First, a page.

King's Lynn Draughtsmen

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Factfile for Kings Lynn:

Location of Kings Lynn: Norfolk, East of England, England, United Kingdom.

Kings Lynn Postcode: PE30

Dialling Code for Kings Lynn: 01553

Kings Lynn Population: 42,800 (2011 Census)

Kings Lynn Ordnance Survey Map Reference: TF62390

Formerly known as Lynn or Lin (and later as Bishop's Lynn), the dynamic market town of Kings Lynn in Norfolk was as long ago as the 12th century one of the more vital maritime ports in Britain. The town now has a resident population of approximately 42,800 and draws in a fairly large number of travellers, who come to absorb the background of this picturesque place and to experience its various excellent attractions and entertainment possibilities. The name "Lynn" quite possibly comes from the Celtic term for "lake or pool" and no doubt refers to the fact that this spot was once engulfed by a considerable tidal lake.

Kings Lynn is located at the southern end of the Wash in Norfolk, East Anglia, that conspicuous chunk from the east coast of England where in twelve fifteen, King John supposedly lost all his Crown Jewels. He had been feasted by the burghers of Lynn (as it was called at this time), then a growing port, but as he advanced to the west towards Newark, he was caught by an unusual high tide and the treasure was lost and never to be found again. Not long afterwards, he died of a surfeit of lampreys (or peaches), based on which story you read. Today King's Lynn was always a natural centre, the centre for trade between the East Midlands and East Anglia, the railway terminus of the London, Cambridge, Ely main line, and also the bridge which links 'high' Norfolk stretching toward the city of Norwich in the east, and 'low' Norfolk, the flat marshes and fenlands south of the Wash.

Kings-lynn-river-great-ouseThe royal associations for King's Lynn tend to be more potent in these modern times when compared to the times of King John. Several kilometres to the north-east is Sandringham, a significant tourist attraction and one of the Queen's personal estates. The town itself is established mostly on the east bank of the River Great Ouse estuary. Most of the roads next to the river banks, specially the ones around the the Minster Church of St Margaret's, are very much the same as they were a couple of hundred years ago.

If you are searching for a focal point in the town then it would most probably be the old Tuesday Market Place , especially in modern times since Corn Exchange has been changed into a key entertainment centre. Practically all of the structures around the Tuesday Market Place are Victorian or even earlier than this. These buildings include the beautiful Duke's Head Hotel, put up in 1683, and a grade II listed structure ever since 1951, the Corn Exchange (1854) and the Globe Hotel (originally constructed in 1650).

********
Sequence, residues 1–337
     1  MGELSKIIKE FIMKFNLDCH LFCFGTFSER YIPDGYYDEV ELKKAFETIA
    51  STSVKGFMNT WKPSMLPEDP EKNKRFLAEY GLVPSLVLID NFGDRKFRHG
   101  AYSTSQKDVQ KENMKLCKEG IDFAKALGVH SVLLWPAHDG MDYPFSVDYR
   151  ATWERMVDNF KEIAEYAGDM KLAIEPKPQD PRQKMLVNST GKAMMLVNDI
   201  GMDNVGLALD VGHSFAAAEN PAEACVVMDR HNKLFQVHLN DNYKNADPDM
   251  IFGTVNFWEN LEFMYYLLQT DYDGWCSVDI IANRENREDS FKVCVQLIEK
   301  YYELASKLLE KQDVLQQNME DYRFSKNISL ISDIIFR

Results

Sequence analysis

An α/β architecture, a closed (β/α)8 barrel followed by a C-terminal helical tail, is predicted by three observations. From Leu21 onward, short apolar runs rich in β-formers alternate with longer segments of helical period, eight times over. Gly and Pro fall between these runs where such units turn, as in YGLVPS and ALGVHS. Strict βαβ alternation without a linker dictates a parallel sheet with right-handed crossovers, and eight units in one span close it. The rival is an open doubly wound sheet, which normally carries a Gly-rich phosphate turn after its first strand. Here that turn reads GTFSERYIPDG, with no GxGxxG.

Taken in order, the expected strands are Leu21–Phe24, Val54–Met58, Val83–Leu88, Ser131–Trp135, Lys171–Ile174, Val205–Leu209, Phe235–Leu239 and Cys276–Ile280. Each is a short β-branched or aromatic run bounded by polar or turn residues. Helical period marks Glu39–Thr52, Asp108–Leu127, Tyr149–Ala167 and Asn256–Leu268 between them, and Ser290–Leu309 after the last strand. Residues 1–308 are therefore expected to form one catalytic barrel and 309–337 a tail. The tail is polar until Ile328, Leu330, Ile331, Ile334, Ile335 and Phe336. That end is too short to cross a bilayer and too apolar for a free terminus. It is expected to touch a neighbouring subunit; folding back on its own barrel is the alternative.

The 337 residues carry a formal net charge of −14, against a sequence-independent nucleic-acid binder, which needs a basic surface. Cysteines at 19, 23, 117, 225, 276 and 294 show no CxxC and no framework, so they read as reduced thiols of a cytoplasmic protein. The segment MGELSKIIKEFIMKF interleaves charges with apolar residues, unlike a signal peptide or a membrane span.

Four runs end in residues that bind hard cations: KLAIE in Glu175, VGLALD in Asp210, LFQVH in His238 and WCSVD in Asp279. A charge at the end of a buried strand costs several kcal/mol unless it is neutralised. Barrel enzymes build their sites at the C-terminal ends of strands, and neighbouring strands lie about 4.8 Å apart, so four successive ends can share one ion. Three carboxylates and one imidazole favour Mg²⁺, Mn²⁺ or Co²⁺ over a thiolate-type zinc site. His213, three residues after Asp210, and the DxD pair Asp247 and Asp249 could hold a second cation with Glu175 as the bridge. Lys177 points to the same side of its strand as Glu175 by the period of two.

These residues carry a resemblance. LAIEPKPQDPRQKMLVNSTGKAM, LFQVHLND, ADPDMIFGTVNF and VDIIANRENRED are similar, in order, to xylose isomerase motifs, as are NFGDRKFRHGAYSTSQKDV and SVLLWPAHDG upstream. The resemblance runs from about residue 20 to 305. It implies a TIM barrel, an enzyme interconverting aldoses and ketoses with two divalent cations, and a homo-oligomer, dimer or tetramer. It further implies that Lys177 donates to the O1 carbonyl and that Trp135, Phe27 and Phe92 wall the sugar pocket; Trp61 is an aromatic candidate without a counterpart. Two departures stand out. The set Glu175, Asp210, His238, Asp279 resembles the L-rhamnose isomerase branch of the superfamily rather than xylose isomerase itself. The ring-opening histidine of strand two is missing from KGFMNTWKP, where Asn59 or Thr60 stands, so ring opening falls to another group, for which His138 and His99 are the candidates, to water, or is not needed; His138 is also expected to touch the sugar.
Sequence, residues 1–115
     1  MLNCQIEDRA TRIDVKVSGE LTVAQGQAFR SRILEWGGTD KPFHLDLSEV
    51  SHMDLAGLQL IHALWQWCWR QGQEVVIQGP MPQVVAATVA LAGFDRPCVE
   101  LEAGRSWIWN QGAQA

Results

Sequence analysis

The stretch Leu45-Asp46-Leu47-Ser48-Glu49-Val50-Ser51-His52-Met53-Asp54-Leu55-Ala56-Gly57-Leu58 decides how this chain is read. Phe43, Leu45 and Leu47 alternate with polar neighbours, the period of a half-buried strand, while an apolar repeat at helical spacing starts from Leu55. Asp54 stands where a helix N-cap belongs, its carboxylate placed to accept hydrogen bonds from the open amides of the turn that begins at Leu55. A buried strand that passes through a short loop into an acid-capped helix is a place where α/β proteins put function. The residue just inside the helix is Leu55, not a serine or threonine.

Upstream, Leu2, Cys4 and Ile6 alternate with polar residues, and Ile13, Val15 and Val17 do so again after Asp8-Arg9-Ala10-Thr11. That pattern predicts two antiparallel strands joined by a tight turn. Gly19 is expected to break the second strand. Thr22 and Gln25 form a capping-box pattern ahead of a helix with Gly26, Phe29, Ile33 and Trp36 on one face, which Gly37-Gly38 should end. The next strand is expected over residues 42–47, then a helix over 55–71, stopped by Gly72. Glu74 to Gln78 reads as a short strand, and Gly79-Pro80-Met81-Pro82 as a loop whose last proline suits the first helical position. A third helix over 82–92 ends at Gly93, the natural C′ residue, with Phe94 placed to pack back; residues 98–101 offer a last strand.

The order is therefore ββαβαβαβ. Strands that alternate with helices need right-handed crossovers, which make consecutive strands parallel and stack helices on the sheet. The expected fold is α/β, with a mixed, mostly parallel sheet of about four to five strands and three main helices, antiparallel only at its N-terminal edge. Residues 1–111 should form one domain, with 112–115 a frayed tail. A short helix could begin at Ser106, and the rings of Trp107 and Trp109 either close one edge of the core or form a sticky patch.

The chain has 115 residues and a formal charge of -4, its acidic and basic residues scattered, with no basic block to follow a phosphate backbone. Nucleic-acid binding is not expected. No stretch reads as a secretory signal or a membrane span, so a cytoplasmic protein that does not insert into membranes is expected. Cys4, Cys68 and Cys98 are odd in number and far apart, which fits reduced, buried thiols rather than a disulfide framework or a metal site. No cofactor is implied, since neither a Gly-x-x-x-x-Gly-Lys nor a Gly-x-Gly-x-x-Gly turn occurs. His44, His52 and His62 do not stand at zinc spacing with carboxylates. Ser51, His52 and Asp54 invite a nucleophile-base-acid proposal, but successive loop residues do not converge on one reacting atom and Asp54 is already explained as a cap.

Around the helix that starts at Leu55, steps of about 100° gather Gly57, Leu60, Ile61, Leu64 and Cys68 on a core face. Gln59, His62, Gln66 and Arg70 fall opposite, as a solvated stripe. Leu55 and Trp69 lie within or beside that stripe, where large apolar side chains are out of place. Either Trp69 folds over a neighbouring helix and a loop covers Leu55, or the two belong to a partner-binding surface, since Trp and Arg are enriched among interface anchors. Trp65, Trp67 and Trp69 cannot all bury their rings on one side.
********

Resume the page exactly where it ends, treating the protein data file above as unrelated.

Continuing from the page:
King's Lynn's Historical Background - Likely at first a Celtic community, and most definitely later on an Anglo-Saxon village it was registered just as Lun in the 1086 Domesday Book, and owned by Bishop Almer of Elmham. The town was to be known as King's Lynn in and after the sixteenth century, and had at first been named Bishop's Lynn (and just Lynn previous to that), the Bishop's element of the name was allocated simply because it was once owned by a Bishop, who established a Benedictine priory there in the late 11th C, and it was the Bishop who initially allowed the town the ability to hold a street market in 1101. It was in addition at about this time period that the St Margaret's Church was constructed.

Bishop's Lynn increasingly started to be an important commerce hub and port, with merchandise like salt, grain and wool being shipped out by way of the harbor. By the time the fourteenth century arrived, it was one of the principal ports in Britain and substantial amount of commerce was done with the Hanseatic League members (Germanic and Baltic traders), with the Hanseatic Warehouse in St Margaret's Ln erected for them in 1475.

Bishop's Lynn survived a couple of huge calamities during the 14th C, firstly in the shape of a horrible fire which destroyed large areas the town, and secondly by way of the Black Death, a plague which took the lives of around half of the occupants of the town in the time period 1348-49. In 1537, during the rule of Henry the Eighth, the town was taken over by the monarch rather than the bishop and was as a result called King's Lynn, one year after this Henry VIII also closed the Benedictine Priory as part of his Dissolution of the Monasteries (1536 to 1541).